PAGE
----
Darwin Thompson deserves a shot

NFL: OCT 13 Texans at Chiefs Photo by Scott Winters/Icon Sportswire via Getty Images

Before Sunday, the rookie running back has had very limited opportunities — just 21 offensive snaps across seven games — in which he gained only 18 yards on eight touches.

But with Damien Williams inactive on Sunday — and with Darrel Williams on the sideline with an injury late in the game — Thompson looked impressive, getting 44 yards and a touchdown on 11 carries, playing a big role in closing out the game. Most of those runs were between the tackles — an area where the Chiefs have not had a lot of success in 2019.

I’ll admit it: I’m biased towards Thompson. He made quite an impression on me during training camp. The young man has a great attitude — and from all accounts, works his butt off. He’s undersized, but it’s not as if there haven’t been similarly-sized NFL running backs who have had successful careers.

The Chiefs went to a little trouble to get Thompson — and once he got a chance to play for more than a handful of snaps, he made good use of them. There’s a good chance that both Williamses will be unavailable next week against the New England Patriots.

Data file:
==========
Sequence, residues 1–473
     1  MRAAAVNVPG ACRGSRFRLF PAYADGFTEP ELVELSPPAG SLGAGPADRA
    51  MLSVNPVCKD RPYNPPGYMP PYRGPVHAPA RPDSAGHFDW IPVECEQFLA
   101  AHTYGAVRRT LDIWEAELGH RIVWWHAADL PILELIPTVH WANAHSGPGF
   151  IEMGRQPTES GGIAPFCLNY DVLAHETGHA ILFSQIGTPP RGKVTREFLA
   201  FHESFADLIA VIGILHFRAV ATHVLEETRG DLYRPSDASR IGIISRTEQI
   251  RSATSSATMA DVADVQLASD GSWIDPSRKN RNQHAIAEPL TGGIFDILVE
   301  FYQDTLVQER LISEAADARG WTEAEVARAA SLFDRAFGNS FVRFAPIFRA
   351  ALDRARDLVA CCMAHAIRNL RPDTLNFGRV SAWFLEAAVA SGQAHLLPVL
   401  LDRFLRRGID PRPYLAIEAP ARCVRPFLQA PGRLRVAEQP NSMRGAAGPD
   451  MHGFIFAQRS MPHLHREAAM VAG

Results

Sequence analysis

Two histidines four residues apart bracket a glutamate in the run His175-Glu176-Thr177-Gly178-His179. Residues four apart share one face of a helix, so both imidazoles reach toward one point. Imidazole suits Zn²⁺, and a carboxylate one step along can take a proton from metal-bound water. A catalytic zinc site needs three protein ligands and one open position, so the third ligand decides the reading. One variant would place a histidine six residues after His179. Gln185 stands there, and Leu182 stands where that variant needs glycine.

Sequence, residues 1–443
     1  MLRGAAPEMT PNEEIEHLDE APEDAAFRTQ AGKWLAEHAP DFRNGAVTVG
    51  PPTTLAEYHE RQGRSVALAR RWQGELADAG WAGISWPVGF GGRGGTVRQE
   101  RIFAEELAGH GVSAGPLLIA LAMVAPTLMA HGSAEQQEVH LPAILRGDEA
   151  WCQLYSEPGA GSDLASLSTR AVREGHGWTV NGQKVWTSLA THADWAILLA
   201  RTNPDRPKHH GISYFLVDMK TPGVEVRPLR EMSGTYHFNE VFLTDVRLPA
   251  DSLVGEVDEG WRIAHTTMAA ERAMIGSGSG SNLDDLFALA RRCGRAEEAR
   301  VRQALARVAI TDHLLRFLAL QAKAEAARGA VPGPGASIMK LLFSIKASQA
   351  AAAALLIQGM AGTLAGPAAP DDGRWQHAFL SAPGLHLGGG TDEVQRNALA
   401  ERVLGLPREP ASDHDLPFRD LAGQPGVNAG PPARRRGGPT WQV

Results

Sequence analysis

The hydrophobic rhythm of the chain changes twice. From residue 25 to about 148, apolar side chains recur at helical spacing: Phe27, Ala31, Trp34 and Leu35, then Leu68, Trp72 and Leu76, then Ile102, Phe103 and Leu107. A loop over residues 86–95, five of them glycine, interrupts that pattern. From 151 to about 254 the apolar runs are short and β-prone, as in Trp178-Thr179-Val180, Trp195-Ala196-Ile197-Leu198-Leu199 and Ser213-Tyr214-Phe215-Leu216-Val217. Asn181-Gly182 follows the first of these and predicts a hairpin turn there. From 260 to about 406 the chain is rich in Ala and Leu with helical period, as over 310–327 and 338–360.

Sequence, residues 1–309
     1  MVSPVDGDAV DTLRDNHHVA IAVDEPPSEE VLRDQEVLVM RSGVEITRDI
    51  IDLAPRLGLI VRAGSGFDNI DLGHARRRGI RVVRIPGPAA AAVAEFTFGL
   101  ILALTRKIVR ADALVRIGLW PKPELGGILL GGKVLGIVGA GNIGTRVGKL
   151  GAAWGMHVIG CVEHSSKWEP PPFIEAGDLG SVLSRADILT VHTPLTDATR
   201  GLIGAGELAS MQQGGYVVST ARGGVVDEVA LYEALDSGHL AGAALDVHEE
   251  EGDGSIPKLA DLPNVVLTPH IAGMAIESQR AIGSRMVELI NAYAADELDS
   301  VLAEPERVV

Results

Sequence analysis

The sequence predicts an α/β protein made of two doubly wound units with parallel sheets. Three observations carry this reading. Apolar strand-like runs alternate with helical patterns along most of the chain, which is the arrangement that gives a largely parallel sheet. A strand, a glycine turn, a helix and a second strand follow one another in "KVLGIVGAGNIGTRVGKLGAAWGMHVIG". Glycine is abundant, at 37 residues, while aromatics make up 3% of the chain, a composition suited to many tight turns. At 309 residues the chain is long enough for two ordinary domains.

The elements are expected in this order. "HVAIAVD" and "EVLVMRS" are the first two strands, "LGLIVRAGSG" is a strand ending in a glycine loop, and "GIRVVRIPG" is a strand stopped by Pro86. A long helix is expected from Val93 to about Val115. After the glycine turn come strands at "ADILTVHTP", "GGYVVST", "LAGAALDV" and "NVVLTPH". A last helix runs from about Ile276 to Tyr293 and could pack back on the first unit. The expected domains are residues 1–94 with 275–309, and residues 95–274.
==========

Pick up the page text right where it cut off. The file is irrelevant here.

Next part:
Let’s see what the kid can do at the grownups’ table.

The run defense still wasn’t very good — and it didn’t matter

Oakland Raiders v Kansas City Chiefs Photo by David Eulitt/Getty Images

I’d hazard a guess that in the first half, there were more than a few Chiefs fans who were terrified watching Josh Jacobs average 6.8 yards per attempt against the Chiefs defense. It doubtless brought back memories of losses the Chiefs suffered earlier in the season, when opposing teams were able to run at will — especially late in the game.

But against the Raiders on Sunday, there were two things that were different.

One was that the Chiefs offense — finally healthy — was reasonably effective. By the end of the first half, the Chiefs had built up a three-touchdown lead. No NFL team is going to emphasize the run when they’re down three touchdowns.

The other thing was that in the second half, the Raiders were less effective running the ball; the Chiefs defense did a good job of adjusting to limit their running game. After halftime, Jacobs averaged just three yards per attempt.

As our Ethan Douglas has repeatedly emphasized in his Stacking the Box Score series, rushing is not an effective way to gain yardage in the NFL. It is still called on about 40% of offensive plays for two main reasons: to make passing plays more effective by keeping defenses honest — and to drain the clock while protecting a lead at the end of a game.

So it’s not that rushing defense isn’t important. It’s that it’s important only in certain contexts. If your offense is consistently effective — and your defense can at least prevent the other team from scoring while you build up a lead — the importance of run defense is greatly reduced in that game.